Retail Callouts (4/10): FL, NKE, UA, AdiBok, March Comp Sales, AMZN

Takeaway: Brands vs FL online visitation divergence hits new highs in March. Easter shift and weather improvement benefit March comp sales.



FL vs. Athletic Brands - March E-comm Visitation Stats

Tickers: FL, UA, NKE, Adi


Takeaway: In the most recent update of e-comm visitation stats we saw the brands (Nike, UA, and AdiBok) continue to outpace the growth of FL. The two (brands and FL) moved in tandem through April of 2014, and then right around the World Cup we saw a meaningful divergence. That spread has continued to blow out over the past 12 months and hit a new high again in March. That doesn't bode well for B&M retailers like FL, DKS, HIBB, FINL, etc. who have to compete with brands like NKE and UA who are pushing the direct agenda.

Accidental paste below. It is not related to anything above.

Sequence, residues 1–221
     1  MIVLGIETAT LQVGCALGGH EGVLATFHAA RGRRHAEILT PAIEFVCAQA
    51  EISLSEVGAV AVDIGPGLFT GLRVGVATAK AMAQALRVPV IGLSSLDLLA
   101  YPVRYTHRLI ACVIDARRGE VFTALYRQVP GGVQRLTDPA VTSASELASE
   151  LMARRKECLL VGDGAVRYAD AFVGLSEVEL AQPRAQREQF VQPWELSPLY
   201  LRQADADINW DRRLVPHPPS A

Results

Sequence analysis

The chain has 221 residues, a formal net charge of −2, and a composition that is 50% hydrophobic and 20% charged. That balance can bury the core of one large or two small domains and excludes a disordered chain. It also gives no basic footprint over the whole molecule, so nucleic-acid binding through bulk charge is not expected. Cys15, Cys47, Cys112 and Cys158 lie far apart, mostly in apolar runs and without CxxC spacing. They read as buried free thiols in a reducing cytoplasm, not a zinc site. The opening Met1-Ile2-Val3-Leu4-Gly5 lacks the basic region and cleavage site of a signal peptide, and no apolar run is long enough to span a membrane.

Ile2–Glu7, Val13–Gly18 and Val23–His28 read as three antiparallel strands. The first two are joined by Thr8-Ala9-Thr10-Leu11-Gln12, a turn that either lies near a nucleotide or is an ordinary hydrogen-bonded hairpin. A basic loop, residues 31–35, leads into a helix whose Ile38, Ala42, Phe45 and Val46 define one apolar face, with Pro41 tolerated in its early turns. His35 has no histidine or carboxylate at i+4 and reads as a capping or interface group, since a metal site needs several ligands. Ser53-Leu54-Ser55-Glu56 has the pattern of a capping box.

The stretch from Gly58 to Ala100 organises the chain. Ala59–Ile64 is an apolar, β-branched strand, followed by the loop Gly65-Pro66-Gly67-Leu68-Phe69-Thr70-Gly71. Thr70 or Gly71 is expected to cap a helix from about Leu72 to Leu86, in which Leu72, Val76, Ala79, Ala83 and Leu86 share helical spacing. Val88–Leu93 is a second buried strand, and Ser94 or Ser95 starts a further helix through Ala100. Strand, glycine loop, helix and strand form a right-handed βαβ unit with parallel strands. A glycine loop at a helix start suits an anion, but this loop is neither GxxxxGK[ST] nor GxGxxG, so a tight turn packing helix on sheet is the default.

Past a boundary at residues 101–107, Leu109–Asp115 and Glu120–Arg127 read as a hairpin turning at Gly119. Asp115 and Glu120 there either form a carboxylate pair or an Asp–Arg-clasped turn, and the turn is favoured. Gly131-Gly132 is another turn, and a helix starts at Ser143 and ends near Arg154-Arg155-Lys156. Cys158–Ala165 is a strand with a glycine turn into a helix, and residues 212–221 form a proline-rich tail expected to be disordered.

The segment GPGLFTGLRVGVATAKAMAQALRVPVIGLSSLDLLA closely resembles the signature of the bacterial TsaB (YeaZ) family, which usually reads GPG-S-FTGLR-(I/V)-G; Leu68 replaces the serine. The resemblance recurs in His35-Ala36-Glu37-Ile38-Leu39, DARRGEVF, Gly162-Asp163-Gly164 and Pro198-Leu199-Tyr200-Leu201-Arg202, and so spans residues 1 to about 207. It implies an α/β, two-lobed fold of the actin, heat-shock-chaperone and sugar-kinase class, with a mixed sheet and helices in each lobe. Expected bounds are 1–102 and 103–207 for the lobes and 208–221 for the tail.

Over the past 3 quarters Nike has grown it's e-comm business at 70%, 66%, and 42% -- outpacing the growth of its wholesale partners. Meaning retailers now have to fight with the brands for incremental dollars from a channel that by our math should account for the majority of the industry's growth over the next 6 years.

Retail Callouts (4/10): FL, NKE, UA, AdiBok, March Comp Sales, AMZN - 4 10 chart2

Retail Callouts (4/10): FL, NKE, UA, AdiBok, March Comp Sales, AMZN - 4 10 chart1


March Monthly Comps